Face and content validation of a virtual reality temporal bone simulator

Asit Arora, Sam Khemani, Neil Tolley, Arvind Singh, James Budge, David A. Diaz Voss Varela, Howard W. Francis, Ara Darzi, Nasir I. Bhatti

Research output: Contribution to journalArticlepeer-review

42 Scopus citations


Objective. To validate the VOXEL-MAN TempoSurg simulator for temporal bone dissection. Study Design. Prospective international study. Setting. Otolaryngology departments of 2 academic health care institutions in the United Kingdom and United States. Subjects and Methods. Eighty-five subjects were recruited consisting of an experienced and referent group. Participants performed a standardized familiarization session and temporal bone dissection task. Realism, training effectiveness, and global impressions were evaluated across 21 domains using a 5-point Likert-type scale. A score of 4 was the minimum threshold for acceptability. Results. The experienced group comprised 25 otolaryngology trainers who had performed 150 mastoid operations. The referent group comprised 60 trainees (mean otolaryngology experience of 2.9 years). Familiarization took longer in the experienced group (P = .01). User-friendliness was positively rated (mean score 4.1). Seventy percent of participants rated anatomical appearance as acceptable. Trainers rated drill ergonomics worse than did trainees (P = .01). Simulation temporal bone training scored highly (mean score 4.3). Surgical anatomy, drill navigation, and hand-eye coordination accounted for this. Trainees were more likely to recommend temporal bone simulation to a colleague than were trainers (P = .01). Transferability of skills to the operating room was undecided (mean score 3.5). Conclusion. Realism of the VOXEL-MAN virtual reality temporal bone simulator is suboptimal in its current version. Nonetheless, it represents a useful adjunct to existing training methods and is particularly beneficial for novice surgeons before performing cadaveric temporal bone dissection. Improvements in realism, specifically drill ergonomics and visual-spatial perception during deeper temporal bone dissection, are warranted.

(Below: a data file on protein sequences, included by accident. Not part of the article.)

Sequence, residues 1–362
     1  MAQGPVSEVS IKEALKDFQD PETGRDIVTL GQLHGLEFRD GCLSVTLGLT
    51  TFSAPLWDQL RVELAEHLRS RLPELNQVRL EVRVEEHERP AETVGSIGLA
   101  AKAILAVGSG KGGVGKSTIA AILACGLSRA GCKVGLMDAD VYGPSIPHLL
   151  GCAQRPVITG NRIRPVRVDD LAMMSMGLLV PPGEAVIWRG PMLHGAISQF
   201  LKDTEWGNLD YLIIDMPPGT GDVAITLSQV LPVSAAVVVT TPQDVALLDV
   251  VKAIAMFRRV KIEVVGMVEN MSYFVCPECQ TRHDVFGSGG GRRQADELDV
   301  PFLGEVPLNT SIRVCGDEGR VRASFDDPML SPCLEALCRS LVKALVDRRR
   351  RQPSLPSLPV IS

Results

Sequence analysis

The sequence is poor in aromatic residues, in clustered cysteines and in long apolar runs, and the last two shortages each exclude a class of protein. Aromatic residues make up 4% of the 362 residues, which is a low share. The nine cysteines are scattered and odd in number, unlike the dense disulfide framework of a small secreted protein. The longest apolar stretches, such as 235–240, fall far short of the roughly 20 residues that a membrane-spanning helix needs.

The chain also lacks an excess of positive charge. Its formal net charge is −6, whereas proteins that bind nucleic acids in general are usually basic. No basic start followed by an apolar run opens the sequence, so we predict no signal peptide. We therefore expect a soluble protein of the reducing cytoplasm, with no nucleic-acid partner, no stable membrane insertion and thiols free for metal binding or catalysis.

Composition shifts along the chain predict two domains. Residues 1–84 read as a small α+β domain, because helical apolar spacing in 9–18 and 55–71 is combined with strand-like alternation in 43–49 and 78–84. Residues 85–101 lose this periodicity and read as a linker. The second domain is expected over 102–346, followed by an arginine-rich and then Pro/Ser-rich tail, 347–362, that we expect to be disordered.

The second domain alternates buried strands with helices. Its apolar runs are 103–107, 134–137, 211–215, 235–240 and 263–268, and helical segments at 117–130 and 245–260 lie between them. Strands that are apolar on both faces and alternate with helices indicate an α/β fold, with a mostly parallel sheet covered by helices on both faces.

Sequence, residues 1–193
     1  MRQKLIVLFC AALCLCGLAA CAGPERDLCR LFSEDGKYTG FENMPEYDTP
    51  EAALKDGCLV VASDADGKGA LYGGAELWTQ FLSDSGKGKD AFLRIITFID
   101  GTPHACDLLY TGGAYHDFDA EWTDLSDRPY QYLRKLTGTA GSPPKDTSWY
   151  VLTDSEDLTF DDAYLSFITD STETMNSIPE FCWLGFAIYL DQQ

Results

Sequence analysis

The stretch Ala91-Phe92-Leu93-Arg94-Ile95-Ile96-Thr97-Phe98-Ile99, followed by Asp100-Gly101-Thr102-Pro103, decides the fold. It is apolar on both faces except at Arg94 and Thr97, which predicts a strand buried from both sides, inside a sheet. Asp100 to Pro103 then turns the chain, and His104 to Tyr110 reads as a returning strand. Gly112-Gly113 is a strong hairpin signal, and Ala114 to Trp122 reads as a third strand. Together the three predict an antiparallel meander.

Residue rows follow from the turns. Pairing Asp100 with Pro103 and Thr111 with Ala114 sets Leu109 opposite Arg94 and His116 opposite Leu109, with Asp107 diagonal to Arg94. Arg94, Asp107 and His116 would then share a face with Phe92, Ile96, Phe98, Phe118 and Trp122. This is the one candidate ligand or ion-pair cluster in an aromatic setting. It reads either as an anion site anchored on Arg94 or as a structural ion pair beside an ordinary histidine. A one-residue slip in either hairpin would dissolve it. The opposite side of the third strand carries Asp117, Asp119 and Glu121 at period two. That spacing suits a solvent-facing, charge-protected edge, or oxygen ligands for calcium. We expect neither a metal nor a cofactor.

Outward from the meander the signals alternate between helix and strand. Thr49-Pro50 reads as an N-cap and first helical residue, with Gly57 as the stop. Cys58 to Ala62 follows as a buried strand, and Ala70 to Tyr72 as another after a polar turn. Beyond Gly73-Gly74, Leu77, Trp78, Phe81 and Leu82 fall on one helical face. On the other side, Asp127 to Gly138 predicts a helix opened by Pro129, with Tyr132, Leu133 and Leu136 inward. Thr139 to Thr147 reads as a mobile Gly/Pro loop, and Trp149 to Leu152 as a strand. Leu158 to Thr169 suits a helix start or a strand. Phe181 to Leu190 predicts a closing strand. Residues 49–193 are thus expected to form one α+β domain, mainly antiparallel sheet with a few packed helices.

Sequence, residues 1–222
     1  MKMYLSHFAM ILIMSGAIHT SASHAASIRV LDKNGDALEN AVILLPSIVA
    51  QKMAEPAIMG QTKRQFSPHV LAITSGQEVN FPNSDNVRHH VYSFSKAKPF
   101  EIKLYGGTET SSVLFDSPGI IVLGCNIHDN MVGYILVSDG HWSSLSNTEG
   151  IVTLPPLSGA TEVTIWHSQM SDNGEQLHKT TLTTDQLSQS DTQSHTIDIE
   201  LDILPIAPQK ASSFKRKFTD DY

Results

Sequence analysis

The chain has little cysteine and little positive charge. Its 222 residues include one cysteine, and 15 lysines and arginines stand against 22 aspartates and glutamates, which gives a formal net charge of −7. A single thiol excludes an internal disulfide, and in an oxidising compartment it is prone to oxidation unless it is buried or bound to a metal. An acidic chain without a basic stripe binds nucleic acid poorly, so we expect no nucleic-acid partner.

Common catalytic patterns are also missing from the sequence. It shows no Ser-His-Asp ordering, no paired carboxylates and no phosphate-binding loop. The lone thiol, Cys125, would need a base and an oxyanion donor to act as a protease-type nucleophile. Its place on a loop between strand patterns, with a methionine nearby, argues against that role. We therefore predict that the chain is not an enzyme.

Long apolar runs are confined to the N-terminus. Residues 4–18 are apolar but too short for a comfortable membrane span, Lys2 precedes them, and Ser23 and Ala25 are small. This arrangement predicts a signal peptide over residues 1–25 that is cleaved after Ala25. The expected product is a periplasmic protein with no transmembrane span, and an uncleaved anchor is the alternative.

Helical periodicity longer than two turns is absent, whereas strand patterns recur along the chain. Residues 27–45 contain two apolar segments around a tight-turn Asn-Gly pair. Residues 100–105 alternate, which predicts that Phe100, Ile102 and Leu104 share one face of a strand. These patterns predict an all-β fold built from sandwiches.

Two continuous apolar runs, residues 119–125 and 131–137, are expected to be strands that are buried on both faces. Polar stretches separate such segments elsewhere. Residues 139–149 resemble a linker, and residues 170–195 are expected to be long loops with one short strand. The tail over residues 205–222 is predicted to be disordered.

Original languageEnglish (US)
Pages (from-to)497-503
Number of pages7
JournalOtolaryngology - Head and Neck Surgery
Issue number3
StatePublished - Mar 2012


  • Mastoid surgery
  • Otology
  • Training
  • Virtual reality simulation

ASJC Scopus subject areas

  • Surgery
  • Otorhinolaryngology


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